1911 Encyclopædia Britannica/Breeds and Breeding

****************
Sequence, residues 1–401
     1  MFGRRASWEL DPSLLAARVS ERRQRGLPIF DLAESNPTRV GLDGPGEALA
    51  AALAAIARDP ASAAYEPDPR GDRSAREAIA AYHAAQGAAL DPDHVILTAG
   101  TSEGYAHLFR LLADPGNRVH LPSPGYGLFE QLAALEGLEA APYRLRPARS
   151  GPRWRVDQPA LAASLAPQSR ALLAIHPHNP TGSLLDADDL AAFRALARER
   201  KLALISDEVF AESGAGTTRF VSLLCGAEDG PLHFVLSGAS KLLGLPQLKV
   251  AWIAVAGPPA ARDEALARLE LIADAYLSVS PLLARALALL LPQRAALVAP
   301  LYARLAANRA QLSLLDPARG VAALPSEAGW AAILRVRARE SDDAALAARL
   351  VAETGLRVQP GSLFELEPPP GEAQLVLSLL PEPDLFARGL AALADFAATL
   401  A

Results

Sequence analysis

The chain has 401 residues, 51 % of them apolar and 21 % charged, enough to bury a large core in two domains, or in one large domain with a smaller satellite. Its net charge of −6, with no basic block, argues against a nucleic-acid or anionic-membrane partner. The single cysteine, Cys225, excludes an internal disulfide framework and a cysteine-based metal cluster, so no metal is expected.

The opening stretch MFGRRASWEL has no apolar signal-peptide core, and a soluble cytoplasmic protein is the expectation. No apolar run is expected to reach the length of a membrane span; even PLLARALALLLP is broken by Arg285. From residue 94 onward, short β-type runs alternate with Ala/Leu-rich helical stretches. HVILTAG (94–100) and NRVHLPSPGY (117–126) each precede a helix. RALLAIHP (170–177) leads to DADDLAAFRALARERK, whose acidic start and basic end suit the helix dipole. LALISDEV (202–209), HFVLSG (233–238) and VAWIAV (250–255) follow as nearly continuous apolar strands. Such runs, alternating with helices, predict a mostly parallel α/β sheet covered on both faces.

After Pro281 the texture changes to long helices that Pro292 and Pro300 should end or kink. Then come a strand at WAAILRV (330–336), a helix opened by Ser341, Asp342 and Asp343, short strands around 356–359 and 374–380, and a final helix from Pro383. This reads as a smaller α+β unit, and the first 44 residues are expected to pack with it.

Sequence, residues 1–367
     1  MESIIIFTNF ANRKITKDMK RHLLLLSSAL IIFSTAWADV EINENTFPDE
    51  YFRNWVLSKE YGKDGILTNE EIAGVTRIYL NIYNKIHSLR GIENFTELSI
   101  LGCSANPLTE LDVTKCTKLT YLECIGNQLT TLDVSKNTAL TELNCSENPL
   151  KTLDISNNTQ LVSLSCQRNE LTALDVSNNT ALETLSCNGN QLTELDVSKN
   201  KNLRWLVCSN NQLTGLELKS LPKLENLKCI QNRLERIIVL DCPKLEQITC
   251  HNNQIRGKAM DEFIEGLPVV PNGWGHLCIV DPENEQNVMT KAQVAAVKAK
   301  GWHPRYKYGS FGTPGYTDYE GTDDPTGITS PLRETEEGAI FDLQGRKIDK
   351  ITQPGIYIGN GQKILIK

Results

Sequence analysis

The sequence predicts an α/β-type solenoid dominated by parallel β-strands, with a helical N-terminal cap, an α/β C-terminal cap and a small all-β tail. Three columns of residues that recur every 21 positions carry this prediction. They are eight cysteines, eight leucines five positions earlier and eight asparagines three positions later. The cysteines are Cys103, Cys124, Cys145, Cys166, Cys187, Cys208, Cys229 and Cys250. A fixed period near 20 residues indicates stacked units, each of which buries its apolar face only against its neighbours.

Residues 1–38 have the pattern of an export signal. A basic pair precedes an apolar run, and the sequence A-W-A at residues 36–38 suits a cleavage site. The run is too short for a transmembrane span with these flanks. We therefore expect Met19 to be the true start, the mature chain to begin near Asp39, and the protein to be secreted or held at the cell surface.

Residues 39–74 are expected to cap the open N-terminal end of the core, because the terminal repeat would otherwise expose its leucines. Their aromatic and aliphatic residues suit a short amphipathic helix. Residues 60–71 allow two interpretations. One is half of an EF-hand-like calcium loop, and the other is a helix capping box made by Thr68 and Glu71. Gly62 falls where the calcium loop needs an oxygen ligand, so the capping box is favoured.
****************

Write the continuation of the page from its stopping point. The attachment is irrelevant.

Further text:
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BREEDS AND BREEDING. Breeds may be defined as domestic varieties of animals or plants which man has been able to bring into existence and to maintain in existence. The process of breeding includes all the modifying influences which man may bring to bear on a wild stock for the purpose, conscious or unconscious, of establishing and maintaining breeds. Charles Darwin’s Variation of Animals and Plants under Domestication (1868) was the starting-point of exact knowledge on this subject; when it appeared, it contained not only the best collection of empirical facts, but the only rational theory of the facts. The first relations between man and domesticated animals and plants were due to unconscious or accidental selection of wild stocks that tolerated the vicinity of man and that were useful or attractive to him. The new conditions must have produced modifications in these stocks, whether these were caused by a survival in each generation of individuals with the power of response to the new environment, or were due to a conscious selection of individuals capable of such favourable response. The essence of the process, however, came to be a conscious selection in each generation of the best individuals, that is to say, of those individuals that seemed to man to be most adapted to his wants. The possibility of establishing a breed depended, therefore, in the first place on the natural variability of wild animals and plants, then on the variations induced in animals and plants under subjection to the new conditions brought about by man’s interference, next on the extent to which these variations, natural or artificial, persisted through the series of generations, and finally on man’s intelligence in altering or maintaining the conditions of the environment, and in selective mating. The theory of breeds and breeding depends, in fact, on knowledge of variation, of modification by the environment, and of heredity. Any attempt to give an account of what actually has been done by man in establishing breeds would be little more than an imperfect summary of Darwin’s work. The articles Heredity, Mendelism and Variation and Selection show that what may be called the theoretical and experimental knowledge of variation and heredity is far in advance of the practical art of breeding. Even horticulturists, who have been much more successful than those who deal with animals, are still far from being able to predict the result of their selections and crossings. None the less it may be stated definitely that such prediction is already so nearly within the power of the practical breeder that it would be a waste of time to give a summary of the existing rule-of-thumb methods. The art of breeding is so immediately destined to become a science of breeding that existing knowledge and conceptions must be dismissed as of no more than historical interest.  (P. C. M.)